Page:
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There are probably several reasons.

First off the manufacturer may have primary winding coils wound up for a whole family of transformers that use the same turns count and wire size. Secondaries are added as needed according to output specs.

Secondly it is probably always a simple calculation of wire total resistance versus total length. Primaries of the type of step-down transformers that you mention have many more turns of smaller gauge wire. Putting it near the core has a greater advantage for lesser total length and thus less total winding resistance. So it comes down to a simple trade off computation between secondary and primary.

I could imagine that there is a computation that involves wire size loss versus total winding length that resolves to the lowest physical size. The reason we see most step down transformers with the primary on the inside is because the computation most often wins out that way.

I look back to my early teen age years when I was very glad that old TV power transformers had secondary windings that I could easily remove and replace with my own to achieve the voltage and current ratings I wanted without having to touch the primary windings.

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I googled "power transformer construction" and copied various images: -

I think most small - medium power transformers have primary and secondary stacked side-by-side: -

enter image description here enter image description here

Here's one where the primary (HV side) is on the outside: -

enter image description here

And another: -

enter image description here

Considering winding losses and turns ratio, it make sense to wind the low-voltage coil on the inside. Broadly speaking, the average length of 1 "inside" turn might be half of that when wound on the "outside". This means the outer winding is probably double the resistance of the inner winding for the same number of turns.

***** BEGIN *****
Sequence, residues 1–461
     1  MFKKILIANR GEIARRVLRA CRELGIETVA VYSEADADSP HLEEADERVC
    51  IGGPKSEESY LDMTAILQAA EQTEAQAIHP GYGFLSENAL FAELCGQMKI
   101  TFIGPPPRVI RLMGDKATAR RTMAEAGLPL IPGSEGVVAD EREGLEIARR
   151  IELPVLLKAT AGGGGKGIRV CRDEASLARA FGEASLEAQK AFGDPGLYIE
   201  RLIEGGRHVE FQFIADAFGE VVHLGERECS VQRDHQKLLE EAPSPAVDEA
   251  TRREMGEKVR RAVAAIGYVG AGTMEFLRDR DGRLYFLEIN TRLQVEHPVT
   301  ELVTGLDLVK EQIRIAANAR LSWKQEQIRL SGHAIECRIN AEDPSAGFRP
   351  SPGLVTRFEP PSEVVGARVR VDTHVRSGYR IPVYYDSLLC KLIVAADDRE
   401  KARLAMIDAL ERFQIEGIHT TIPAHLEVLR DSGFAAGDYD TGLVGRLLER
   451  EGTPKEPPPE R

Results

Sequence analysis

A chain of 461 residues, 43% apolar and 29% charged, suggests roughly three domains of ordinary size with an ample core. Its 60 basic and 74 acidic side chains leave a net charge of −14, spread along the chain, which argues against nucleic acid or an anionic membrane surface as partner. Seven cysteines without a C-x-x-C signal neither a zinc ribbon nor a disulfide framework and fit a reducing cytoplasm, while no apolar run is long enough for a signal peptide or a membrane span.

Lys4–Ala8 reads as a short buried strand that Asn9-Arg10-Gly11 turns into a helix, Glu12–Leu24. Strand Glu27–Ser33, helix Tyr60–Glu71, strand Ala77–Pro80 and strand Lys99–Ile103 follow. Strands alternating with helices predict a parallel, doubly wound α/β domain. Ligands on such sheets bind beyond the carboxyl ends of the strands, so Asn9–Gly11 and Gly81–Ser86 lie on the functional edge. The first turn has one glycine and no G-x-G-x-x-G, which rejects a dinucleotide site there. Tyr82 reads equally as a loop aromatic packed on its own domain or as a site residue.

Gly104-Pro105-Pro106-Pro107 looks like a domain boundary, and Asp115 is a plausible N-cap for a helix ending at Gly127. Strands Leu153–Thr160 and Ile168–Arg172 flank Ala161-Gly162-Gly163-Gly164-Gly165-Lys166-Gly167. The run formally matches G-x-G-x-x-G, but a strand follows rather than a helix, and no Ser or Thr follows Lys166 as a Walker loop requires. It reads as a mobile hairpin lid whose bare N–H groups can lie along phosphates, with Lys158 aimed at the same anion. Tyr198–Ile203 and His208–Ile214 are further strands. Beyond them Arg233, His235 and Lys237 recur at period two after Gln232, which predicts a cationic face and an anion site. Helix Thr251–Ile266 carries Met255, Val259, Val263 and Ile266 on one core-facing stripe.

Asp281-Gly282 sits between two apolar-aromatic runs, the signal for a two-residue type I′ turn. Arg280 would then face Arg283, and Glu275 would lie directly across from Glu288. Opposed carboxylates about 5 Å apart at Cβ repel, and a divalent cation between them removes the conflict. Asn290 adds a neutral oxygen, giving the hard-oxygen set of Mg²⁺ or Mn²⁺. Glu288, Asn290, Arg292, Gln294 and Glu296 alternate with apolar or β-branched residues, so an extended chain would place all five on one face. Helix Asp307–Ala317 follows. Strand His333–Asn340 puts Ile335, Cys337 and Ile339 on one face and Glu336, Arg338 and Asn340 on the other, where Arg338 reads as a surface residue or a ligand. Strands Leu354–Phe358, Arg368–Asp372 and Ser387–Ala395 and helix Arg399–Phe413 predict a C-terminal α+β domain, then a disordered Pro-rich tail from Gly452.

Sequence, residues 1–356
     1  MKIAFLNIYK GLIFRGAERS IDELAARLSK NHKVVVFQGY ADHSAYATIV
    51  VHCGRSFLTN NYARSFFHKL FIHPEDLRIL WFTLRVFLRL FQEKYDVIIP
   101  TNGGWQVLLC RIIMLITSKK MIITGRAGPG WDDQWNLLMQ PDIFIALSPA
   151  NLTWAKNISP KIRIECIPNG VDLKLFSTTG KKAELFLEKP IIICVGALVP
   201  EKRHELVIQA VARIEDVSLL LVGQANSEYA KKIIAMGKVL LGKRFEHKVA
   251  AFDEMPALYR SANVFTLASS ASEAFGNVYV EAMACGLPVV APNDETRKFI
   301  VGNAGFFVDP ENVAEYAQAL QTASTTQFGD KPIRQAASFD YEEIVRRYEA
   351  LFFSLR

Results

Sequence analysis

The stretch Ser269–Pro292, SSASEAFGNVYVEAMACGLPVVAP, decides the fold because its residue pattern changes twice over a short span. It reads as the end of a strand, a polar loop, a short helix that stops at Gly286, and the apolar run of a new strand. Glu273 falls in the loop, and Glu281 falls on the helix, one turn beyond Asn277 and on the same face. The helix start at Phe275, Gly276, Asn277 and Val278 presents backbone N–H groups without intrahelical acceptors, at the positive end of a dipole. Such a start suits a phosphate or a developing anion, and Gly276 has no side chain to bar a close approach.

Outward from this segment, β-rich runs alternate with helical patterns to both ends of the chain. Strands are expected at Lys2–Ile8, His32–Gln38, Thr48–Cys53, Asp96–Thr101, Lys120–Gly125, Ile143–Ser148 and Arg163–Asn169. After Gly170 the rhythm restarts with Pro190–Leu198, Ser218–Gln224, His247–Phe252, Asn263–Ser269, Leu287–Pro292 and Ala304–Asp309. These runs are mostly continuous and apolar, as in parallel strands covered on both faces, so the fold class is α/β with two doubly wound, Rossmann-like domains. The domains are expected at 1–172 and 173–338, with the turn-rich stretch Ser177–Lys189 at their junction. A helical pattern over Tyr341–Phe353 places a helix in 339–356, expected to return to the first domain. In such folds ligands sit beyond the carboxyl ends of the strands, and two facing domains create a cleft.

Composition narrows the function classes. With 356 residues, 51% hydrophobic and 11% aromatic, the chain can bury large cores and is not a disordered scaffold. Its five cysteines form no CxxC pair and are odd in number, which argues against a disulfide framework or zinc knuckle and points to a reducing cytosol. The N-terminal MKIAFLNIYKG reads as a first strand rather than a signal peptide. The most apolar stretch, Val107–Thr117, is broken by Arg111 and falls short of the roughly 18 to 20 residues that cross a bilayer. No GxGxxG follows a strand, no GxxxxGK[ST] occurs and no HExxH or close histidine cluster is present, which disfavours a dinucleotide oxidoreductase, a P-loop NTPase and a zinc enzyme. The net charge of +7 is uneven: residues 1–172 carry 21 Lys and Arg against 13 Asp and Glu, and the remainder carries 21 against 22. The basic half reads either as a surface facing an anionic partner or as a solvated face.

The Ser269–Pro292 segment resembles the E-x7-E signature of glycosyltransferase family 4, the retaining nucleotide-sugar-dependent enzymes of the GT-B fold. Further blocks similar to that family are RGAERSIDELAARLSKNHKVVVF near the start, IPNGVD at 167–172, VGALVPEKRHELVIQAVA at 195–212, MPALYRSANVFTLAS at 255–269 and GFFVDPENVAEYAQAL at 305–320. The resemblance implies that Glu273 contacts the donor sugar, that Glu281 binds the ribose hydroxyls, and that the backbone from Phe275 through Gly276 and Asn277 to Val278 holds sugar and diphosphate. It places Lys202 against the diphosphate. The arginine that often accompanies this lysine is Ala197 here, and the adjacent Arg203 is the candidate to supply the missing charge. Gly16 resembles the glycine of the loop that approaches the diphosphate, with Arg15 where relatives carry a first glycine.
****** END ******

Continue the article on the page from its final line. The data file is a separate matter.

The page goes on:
The low voltage winding resistance is "seen" on the high voltage winding by the ratio of the turns ratio squared and, given that the current drawn from the secondary is reduced by the turns ratio (not squared) onto the primary it makes sense to keep the low voltage winding as short as possible.

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Two reasons : Safety and efficiency.

Safety : if the primary winding insulation breaks down, it is better protected from the external environment (your hands!) and closer to components that are likely to be earthed, namely the inter-winding screen (where a screen is employed). Thus a primary breakdown should connect live to earth, tripping breakers or fuses.

Efficiency. (1) The winding closest to the core is most tightly coupled to it, producing the magnetising field with lower losses. (2) As more power is dissipated in the primary, it makes sense to wind this with the shortest turns to minimise its resistance and I^2*R losses.

Both of these are relatively minor advantages in the overall scheme.